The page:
Thanks for the program suggestion for re-encoding. I downloaded and installed it.

    What I can't find inside it is how to set the bitrate, particularly the maximum one.
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  8. Member FulciLives's Avatar
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    It's a known fact that high bitrate video, like that found in a 720p/1080p MKV, can cause stuttering when you play it back directly due to the drive not spinning fast enough. I'm not making this shit up. It is documented.

    Not all will do it. It depends on the spikes. Some videos don't have high enough spikes to cause an issue.

    A USB Thumb Drive generally won't have that issue. You should at least try that method. I know your Blu-Ray player has a USB in and a 16GB USB Thumb Drive is only about $10 USD these days. It would be easier than re-encoding everything.

    Just copy one movie to the stick, play it, delete it, and repeat.
    "The eyes are the first thing that you have to destroy ... because they have seen too many bad things" - Lucio Fulci
    EXPLORE THE FILMS OF LUCIO FULCI - THE MAESTRO OF GORE
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  9. Member
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    I have a DVD collection that now probably exceeds 1,000 discs, probably with 95% or more recordings in mkv. Some 720p, some 1080p.

    How would that work with USB thumb drives?

    And then I would have to copy the stick to my computer every time I want to play it? Not very practical, don't you think? Time consuming too. A DVD DL is certainly cheaper.

    What I do not understand is why we are discussing DVDs here, because I already said that this problem is happening on my streaming chain, no DVDs involved.
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  10. Member FulciLives's Avatar
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    Well you won't have streaming trouble if you play it back from a USB stick and since your Blu-Ray player has that ... well ... it seems like a solution to me.

    Granted it takes some time to copy from a DVD to a USB stick but doesn't take that long. How many movies you gonna watch in one day anyway? And if they are already on a HDD then all you have to do is copy it to the USB stick, plug it into your Blu-Ray player, and boom it will play without stuttering.

    It's not worth the 10 - 20 minutes it takes to copy a movie to a USB stick if it means smooth playback? Makes more sense that re-encoding everything which takes HOURS per movie.
    "The eyes are the first thing that you have to destroy ... because they have seen too many bad things" - Lucio Fulci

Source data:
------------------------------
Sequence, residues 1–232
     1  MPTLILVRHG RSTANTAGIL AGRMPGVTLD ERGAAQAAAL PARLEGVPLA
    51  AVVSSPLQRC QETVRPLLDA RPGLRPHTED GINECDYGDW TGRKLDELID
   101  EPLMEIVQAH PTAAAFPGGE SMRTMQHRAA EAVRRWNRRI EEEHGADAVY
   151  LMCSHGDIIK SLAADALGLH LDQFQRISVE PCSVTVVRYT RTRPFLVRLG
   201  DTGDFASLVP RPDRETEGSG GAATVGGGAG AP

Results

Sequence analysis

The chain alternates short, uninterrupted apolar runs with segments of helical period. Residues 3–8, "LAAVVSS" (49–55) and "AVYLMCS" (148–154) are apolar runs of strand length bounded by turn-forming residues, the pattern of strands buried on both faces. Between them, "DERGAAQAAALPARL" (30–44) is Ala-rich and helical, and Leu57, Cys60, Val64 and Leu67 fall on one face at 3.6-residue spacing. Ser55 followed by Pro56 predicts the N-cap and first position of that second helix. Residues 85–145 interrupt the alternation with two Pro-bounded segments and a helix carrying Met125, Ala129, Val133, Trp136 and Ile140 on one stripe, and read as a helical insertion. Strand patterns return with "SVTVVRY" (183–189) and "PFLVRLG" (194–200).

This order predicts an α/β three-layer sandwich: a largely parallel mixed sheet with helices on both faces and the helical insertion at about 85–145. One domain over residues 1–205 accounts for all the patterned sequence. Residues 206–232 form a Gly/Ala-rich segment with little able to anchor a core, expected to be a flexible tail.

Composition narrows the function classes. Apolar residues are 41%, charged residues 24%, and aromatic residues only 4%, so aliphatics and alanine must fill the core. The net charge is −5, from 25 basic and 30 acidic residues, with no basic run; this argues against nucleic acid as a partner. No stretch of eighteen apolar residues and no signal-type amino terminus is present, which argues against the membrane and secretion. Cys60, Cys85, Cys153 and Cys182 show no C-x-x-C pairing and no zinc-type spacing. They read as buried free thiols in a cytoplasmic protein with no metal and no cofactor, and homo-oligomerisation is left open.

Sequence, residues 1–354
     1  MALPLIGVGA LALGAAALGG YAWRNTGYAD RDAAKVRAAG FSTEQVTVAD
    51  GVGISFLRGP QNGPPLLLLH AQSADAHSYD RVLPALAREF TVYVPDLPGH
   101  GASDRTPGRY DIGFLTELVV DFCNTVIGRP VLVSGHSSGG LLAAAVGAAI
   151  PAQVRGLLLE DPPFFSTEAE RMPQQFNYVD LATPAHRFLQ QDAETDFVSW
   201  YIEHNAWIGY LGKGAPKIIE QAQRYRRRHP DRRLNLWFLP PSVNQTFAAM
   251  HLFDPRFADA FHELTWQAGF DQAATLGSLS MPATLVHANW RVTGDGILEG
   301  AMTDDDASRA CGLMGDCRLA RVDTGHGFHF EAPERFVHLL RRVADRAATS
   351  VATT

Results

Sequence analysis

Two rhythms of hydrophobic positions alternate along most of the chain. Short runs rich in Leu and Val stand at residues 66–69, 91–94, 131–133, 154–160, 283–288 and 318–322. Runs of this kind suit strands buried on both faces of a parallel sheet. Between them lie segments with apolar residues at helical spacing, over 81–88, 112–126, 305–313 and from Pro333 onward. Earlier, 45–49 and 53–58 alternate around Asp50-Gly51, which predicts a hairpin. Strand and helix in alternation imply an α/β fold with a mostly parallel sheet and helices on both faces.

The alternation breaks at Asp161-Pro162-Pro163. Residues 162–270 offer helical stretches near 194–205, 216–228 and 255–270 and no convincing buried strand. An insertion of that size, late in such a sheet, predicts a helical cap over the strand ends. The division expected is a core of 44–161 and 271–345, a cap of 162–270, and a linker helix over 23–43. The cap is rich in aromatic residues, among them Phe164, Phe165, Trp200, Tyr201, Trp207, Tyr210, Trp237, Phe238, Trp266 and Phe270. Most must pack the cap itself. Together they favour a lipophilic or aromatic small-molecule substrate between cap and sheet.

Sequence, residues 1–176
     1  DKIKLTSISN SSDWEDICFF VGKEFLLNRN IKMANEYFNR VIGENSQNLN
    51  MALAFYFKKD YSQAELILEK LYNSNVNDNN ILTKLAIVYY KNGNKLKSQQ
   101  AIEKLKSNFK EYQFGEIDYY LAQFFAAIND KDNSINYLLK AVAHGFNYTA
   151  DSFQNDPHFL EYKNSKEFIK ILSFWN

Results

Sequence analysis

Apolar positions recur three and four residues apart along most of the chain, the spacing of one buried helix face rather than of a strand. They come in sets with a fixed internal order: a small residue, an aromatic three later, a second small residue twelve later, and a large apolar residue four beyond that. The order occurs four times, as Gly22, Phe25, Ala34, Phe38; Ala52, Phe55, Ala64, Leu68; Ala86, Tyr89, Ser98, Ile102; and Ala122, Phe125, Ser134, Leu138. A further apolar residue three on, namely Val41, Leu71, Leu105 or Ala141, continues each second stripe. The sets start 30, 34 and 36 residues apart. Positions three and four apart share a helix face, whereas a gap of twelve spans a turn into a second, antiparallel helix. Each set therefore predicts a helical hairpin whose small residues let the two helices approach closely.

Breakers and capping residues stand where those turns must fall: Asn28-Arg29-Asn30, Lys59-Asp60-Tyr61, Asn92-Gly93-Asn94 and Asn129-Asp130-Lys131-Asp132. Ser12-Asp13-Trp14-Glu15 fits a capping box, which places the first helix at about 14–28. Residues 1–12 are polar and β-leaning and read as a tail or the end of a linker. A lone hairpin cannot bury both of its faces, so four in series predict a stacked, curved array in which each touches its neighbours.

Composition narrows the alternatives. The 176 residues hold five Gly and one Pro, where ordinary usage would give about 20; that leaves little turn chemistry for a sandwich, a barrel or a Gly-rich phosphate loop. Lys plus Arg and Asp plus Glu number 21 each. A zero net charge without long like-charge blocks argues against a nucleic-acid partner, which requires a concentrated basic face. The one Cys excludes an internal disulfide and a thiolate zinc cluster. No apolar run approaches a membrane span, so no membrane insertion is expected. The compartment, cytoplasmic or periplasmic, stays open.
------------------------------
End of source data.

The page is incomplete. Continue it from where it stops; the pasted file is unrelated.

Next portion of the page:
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  11. Member
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    First of all let me tell you that I do appreciate your good intentions on recommending different options that I might have. Thank you for that.

    But there are several reasons that won't let me follow your advice, at least on the main issue of using USB sticks.

    My firm and probably sole intention is to make DVDs work as the principal media source for this application. So I am open to any suggestion that would solve the problems that might arise from using them. Not using DVDs is not an option.

    I also said that this problem was happening on my stream playback, so there were no DVDs involved. In any case I tried what was suggested, and copied the mkv file to a Kingston USB stick. The problems remained, with glitches in audio on the higher bitrate parts, which is what I suspected might happen. I guess the player might have some limitations on playing higher bitrates from MKV files.

    At the same time, I used Xilisoft's software to re-convert the video overnight, keeping same parameters. The resulting video has lower bitrate peaks and plays alright.
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  12. If you are wedded to DVD media then you have to encode (re-encode) with bitrates low enough to be read from DVDs. That could be as low as 10000 kbps (peak). You must also use settings compatible with what the player supports, ie, not too many reference frames, not too many consecutive b-frames, etc. End of story.
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  13. Member
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    Believe it or not, the compromise is not that great, considering the big jump in quality from DVD video, even when reasonably well upscaled.

    MKV files are a great advance when compared to BD discs, considering how good compressed avi files could get when compared with DVDs.

    This player is quite forgiving with peaks up 50000 kbps and even a little bit more. Maybe that's why are rare the cases when I have this problem. Other settings I don't quite know, as there are not too many specs available from LG. It should be a question of trial and error.
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  14. Member FulciLives's Avatar
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    Well if you are going to re-encode then you might consider using AVCHDCoder. This program will make a single layer or dual layer AVCHD for you (either 720p or 1080p) and it limits the bitrate spikes so it is DVD safe. I used MediaInfo to look at an encoding I made with it and it seems that it limits the Video Bitrate to 18.0 Mbps (the Average Bitrate in this case was around 10.0 Mbps but of course that will be different for different case situations).
    "The eyes are the first thing that you have to destroy ... because they have seen too many bad things" - Lucio Fulci
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  15. Member
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    Thanks, it sounds very interesting.

    Once again, the bitrate spikes glitches do not happen only when playing from DVD, but also during streaming and from USB stick, as I tried today.

    I have yet to see which spikes rate triggers the glitching problme, as I can get as high as 50K or 60K and things go fine.
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  16. Originally Posted by FulciLives View Post
    AVCHDCoder... limits the Video Bitrate to 18.0 Mbps
    Yes, that's the max for AVCHD.